My best guess is that they decided they could reach more buyers by offering an AT than what they’d lose by ditching a body style. If you can’t/won’t drive a stick, you won’t buy an MT only WRX. Tossing a roof rack or a hitch on a sedan gives you a pretty simple way to expand cargo capacity. I’d prefer them to have offered only the hatch instead of the sedan, but I’m sure they had market research that told them sedan was the way to go. Sales are up drastically from the previous gen that was sedan or hatch with MT only, so they at least chose wisely on the single body style and more transmissions.

      • 0 avatar
        Nedmundo

        That’s probably right, and the CVT also allows you to get Subaru’s EyeSight safety system on the WRX. I suspect the pre-collision automatic braking won’t work with the manual (would need to depress the clutch), and this is another reason we probably won’t see manuals much longer.

    • 0 avatar

      I quite like the look of the sedan and would have chosen it even if a hatch was available.

      • 0 avatar
        Synchromesh

        I guess that’s you. I have a ’12 hatch and would not trade that in even for a brand new sedan. There is a reason why old hatches are now worth even more than the sedans. Only sedans I liked were the ’06-07 models. Everything after that – no thanks.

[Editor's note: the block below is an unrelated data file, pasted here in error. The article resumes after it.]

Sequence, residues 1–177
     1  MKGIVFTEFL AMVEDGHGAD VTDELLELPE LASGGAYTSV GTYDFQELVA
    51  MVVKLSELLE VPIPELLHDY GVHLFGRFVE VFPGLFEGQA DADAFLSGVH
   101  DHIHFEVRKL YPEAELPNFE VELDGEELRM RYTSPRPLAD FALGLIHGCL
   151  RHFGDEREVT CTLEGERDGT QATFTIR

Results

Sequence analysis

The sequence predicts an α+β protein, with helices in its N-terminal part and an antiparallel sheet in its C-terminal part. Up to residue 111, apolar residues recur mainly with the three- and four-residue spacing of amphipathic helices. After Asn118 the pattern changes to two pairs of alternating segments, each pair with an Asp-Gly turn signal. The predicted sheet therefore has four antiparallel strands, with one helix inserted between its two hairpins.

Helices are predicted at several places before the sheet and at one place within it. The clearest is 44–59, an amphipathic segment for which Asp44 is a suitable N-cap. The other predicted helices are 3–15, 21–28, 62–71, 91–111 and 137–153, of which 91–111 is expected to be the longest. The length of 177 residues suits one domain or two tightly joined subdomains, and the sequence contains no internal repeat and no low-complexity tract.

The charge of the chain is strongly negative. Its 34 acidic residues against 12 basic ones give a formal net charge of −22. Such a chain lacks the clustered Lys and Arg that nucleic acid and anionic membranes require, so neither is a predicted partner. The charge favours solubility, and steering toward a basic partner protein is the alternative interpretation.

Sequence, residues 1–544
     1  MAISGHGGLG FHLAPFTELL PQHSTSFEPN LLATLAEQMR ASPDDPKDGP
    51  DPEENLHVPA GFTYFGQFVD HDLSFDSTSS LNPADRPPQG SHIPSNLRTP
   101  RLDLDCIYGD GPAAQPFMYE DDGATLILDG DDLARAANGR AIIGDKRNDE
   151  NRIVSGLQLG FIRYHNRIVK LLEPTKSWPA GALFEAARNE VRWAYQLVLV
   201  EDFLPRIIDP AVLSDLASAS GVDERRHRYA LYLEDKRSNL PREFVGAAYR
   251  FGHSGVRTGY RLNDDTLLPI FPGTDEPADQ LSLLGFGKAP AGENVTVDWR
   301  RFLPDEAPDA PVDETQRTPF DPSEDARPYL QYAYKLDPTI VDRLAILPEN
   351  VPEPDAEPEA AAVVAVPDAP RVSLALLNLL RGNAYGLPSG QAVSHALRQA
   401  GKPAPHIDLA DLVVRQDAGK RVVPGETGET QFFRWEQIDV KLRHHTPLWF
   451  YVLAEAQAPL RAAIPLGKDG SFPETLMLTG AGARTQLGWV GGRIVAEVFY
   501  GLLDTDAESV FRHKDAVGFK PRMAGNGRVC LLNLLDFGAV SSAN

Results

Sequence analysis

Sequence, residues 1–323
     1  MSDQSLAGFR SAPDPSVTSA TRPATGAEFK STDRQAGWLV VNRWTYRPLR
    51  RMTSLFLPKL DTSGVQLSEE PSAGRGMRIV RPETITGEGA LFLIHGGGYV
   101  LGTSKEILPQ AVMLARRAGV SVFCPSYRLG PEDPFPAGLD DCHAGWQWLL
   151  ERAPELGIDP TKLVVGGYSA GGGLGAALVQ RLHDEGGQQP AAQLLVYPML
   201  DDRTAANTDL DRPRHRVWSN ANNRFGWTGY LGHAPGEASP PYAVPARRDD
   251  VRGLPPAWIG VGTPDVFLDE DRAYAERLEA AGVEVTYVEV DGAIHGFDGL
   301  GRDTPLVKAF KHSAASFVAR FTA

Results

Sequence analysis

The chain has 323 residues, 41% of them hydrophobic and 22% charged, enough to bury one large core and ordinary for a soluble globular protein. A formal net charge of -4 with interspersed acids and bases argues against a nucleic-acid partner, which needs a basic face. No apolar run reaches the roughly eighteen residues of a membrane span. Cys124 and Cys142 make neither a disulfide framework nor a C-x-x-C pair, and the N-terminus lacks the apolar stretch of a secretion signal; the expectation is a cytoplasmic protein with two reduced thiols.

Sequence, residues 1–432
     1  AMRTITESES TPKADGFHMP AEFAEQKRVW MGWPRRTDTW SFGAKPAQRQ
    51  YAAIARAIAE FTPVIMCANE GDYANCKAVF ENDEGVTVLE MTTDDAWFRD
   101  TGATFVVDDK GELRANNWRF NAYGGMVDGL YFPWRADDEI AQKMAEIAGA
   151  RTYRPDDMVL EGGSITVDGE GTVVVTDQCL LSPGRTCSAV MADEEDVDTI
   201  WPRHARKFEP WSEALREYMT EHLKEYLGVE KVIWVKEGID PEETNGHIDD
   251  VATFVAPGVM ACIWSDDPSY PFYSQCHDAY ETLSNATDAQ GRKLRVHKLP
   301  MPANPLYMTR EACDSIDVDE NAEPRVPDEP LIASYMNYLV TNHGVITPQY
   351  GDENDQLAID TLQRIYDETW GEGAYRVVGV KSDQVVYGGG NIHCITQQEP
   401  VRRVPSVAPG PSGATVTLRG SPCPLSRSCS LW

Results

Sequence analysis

Subaru basically lost me as a customer when they made sedan only car with automatic available as I don’t touch either. I guess it’s their way of saying “please buy something else next time, your money is no good here”. Which of course I will.

  • avatar
    cheezman88

    So the best thing to do is buy this car new, and then sell it a few years later for minimal loss? Sounds like a plan to me!

  • avatar

    If you plan to autocross under SCCA rules, pay careful attention to what modifying your car will do to your classing.

  • avatar
    bikephil

    15000 miles in 9 months is nothing.I have put 110k miles on my Ford Fusion in 2 years.

  • avatar
    nels0300

    I still want one of these and as soon as the kids are out of car seats, I might have one.

    It is THE best all around car for an enthusiast if you live in the snow belt. I had a regular impreza and even though it was slow, it was a riot during a snow storm

    Still wondering if any manufacturers have solved the carbon build up issue with direct injection engines though.

    How easy will it be to blast walnut shells onto the intake valves to clean them given the boxer’s configuration under the hood?

    • 0 avatar
      Quentin